powers are used as part of routine activities or street patrols.”4

The Law Commission noted that warrantless search powers are rare: they are found only in the Arms Act 1983 and the Misuse of Drugs Act. The absurdity of putting weekend tokers in the same league as gun runners and meth labs – and needing the same emergency search powers – seems to have been lost on the commissioners. They recommended both powers be retained as  “justifiable exceptions of long-standing to the warrant requirement”. There are no changes proposed. As usual, accepted norms of justice, such as the Bill of Rights protection against unreasonable search – are conveniently forgotten when it comes to drugs. For example, the new law says internal body cavity searches are “generally prohibited” – except if they are looking for drugs.

When Police and Customs officers need the consent of a person to conduct a search, it may be worded like a threat, or a question that it is difficult to say no to. There is currently no clear definition as to what constitutes consent, and silence is taken to mean consent. The new law makes it clear that law enforcement officers should first have a valid reason for asking someone’s consent to perform a search, and that they should advise them of that reason, and of the fact that they may refuse consent. NORML reminds you at this point – never consent to a search!

Surveillance powers

Current law covers only audio surveillance, so video surveillance does not need a warrant. The new law says all electronic surveillance devices will generally require a warrant, which will only be issued by a District or High Court Judge. A warrant won’t be needed when visual surveillance devices are used in public or in public parts of buildings, or for unaided visual observation or
overhearing.

Protections applying to physical searches should apply to cyberspace, but the bill proposes allowing remote searches without the person even being aware it had been done. If surveillance powers are exercised, the enforcement officer must report to a Judge who will have powers to deal with material obtained, and report to the Chief Executive of the relevant law enforcement agency, and in some circumstances they will have to tell the subject of the surveillance they are being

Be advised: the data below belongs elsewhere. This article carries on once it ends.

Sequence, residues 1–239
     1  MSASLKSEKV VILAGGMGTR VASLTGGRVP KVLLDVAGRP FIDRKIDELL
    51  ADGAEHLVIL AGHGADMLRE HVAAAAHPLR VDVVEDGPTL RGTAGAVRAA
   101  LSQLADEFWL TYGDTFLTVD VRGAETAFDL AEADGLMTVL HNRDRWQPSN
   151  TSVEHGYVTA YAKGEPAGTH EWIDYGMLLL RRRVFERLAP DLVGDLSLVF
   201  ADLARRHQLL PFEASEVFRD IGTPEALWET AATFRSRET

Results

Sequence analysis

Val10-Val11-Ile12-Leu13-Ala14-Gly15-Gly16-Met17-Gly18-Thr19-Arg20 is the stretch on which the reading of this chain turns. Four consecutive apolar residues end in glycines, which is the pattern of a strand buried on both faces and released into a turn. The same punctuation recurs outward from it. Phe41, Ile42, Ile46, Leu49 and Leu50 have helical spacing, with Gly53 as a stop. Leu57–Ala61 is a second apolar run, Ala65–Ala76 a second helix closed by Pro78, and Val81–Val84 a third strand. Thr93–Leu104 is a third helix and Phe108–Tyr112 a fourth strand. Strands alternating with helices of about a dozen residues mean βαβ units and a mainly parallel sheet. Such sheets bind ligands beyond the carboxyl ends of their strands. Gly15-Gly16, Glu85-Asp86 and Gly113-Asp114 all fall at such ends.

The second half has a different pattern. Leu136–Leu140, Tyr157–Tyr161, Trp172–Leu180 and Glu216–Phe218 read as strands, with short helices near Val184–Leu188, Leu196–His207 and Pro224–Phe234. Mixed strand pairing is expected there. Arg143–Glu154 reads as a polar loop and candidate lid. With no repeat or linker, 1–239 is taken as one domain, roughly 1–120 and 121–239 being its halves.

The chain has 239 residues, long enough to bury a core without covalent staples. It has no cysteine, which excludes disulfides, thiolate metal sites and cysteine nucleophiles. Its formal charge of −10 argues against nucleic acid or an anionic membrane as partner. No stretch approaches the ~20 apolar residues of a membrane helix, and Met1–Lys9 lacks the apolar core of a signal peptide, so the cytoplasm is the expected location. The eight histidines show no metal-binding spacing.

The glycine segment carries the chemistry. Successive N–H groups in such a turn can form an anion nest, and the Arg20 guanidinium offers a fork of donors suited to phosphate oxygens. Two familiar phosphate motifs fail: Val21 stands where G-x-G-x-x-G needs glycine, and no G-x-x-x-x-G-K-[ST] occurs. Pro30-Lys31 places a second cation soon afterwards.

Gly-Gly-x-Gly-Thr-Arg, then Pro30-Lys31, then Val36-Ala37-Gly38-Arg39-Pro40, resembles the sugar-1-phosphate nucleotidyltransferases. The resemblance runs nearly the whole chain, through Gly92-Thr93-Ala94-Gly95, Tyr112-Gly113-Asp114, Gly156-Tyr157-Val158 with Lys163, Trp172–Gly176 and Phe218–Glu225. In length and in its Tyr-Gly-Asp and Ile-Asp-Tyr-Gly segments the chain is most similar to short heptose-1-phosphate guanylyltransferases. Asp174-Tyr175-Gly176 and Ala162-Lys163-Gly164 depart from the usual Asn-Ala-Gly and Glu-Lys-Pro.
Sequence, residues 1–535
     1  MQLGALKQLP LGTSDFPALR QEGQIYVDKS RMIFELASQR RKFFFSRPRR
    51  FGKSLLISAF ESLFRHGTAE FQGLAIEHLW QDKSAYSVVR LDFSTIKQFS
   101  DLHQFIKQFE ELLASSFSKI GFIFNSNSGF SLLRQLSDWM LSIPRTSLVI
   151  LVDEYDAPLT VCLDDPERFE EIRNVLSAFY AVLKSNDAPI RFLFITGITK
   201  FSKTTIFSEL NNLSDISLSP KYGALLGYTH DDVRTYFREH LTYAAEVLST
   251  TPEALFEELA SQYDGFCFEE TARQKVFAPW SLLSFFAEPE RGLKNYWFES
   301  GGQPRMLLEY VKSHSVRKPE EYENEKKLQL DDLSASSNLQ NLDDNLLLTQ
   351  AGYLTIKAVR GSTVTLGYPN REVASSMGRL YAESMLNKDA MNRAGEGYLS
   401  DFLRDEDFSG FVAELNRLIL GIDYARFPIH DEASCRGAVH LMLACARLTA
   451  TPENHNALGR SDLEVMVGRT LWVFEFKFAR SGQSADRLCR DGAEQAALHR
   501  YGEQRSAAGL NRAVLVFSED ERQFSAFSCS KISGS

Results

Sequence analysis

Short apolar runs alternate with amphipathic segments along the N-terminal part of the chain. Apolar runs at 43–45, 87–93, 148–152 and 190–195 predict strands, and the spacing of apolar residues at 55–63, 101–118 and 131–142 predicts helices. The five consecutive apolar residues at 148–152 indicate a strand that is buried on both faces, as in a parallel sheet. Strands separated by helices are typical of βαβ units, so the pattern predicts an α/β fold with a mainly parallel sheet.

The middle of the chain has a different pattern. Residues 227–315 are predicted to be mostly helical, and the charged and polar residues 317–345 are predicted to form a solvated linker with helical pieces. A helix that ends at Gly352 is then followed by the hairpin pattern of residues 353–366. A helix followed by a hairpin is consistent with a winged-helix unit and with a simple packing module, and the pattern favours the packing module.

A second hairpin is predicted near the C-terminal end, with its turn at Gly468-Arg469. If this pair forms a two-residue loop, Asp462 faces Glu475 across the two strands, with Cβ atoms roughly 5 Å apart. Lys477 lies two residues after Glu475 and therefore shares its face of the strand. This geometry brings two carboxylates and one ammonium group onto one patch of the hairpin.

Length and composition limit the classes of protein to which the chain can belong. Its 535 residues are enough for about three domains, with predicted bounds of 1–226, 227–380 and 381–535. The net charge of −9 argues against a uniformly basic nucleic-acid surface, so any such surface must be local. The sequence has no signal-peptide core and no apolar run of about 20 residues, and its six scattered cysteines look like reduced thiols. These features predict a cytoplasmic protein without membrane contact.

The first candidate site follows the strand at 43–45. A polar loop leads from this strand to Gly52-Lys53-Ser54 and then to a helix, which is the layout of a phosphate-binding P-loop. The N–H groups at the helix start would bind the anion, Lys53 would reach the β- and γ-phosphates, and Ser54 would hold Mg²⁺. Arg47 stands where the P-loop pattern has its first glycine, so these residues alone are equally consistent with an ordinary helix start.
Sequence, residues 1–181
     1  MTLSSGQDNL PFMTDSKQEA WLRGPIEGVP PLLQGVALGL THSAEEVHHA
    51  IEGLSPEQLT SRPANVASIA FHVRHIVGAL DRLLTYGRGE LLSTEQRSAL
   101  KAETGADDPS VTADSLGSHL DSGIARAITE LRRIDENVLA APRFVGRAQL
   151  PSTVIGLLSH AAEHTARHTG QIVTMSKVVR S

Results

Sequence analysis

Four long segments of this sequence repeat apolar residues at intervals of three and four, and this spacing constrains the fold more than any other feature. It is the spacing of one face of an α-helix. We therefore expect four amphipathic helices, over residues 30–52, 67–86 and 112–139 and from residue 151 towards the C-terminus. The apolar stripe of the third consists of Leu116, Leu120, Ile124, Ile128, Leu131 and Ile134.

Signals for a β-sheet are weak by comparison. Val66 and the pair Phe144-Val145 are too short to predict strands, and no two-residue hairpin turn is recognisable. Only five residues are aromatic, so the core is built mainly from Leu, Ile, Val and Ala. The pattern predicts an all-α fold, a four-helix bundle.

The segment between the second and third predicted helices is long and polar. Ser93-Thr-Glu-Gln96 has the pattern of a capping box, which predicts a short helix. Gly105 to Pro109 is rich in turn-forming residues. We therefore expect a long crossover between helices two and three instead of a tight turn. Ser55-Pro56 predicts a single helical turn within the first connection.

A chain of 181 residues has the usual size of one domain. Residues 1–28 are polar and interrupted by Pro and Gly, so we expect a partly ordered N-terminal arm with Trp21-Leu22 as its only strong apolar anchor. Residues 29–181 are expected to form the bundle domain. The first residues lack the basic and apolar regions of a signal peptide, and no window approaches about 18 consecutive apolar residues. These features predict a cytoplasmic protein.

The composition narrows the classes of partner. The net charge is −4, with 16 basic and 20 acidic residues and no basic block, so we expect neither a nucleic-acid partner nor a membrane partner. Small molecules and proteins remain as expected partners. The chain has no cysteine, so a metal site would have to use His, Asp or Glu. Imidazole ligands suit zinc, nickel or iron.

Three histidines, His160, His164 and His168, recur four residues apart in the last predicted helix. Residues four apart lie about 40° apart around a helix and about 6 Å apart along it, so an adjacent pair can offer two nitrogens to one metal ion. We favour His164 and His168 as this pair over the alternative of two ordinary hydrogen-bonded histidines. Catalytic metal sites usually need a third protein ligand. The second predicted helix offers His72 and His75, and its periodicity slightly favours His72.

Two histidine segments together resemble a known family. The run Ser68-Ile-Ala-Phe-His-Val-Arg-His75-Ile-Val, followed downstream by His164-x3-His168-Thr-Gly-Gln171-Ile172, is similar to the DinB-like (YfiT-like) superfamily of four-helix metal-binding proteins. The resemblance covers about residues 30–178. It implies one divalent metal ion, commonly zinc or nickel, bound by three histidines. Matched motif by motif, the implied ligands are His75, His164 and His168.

spied on.

Self -incrimination

The bill overrides the right to remain silent by allowing law enforcement officials to obtain “production orders” to force people to produce specified information or documents in their control. An “examination power” will also allow enforcement officers to require a person to answer questions. The bill contains another power to question people with relevant knowledge obtained in a business context, such as in the course of providing professional services or advice, and a power to examine people with relevant knowledge obtained socially.

These sort of powers are not usually available to law enforcement officers as they go against the commonly accepted norms of justice. People have a right to remain silent and should not be forced to answer questions or make a statement. The token safeguard is that applications to use this power will need to be approved personally by the Commissioner of Police and the Secretary for Justice as well as being authorised by a District or High Court Judge. Officers will only be able to ask questions that are relevant to the investigation. The privilege against self-incrimination will still be available to any person (but not company) questioned under an examination order.

Safeguards

Officers carrying out a search of premises when the occupier is absent will have to let them know they were searched. Surprisingly, there is currently no obligation to do so with most search powers. If items are seized, the new law says a list of what has been taken should be promptly provided. The bill also contains a procedure to deal with privileged or confidential material or communications, such as lawyer-client privilege, to ensure it is appropriately protected from disclosure. While the bill contains a few protections, they are not enough.

Michael Bott of the NZ Council for Civil Liberties described the more intrusive police powers contained in the bill as a “jackbooted jump back to the past where the citizen has minimal protection against the might of the state.” The impact will depend, to a large extent, on the integrity of individual police officers, and there is little reason we should simply trust them and hope for the best. More comprehensive safeguards are needed, so make sure you have
your say.

Email your MP: www.norml.org.nz/EmailMP
Have your say: www.parliament.nz/en-NZ/HvYrSay/

Links to references:
1. tinyurl.com/49n9ee
2. tinyurl.com/48podv
3. tinyurl.com/46xtnb
4. www.norml.org.nz/category5.html or tinyurl.com/4tzwtp

Property Seizure 2.0 – The Criminal Proceeds (Recovery) Bill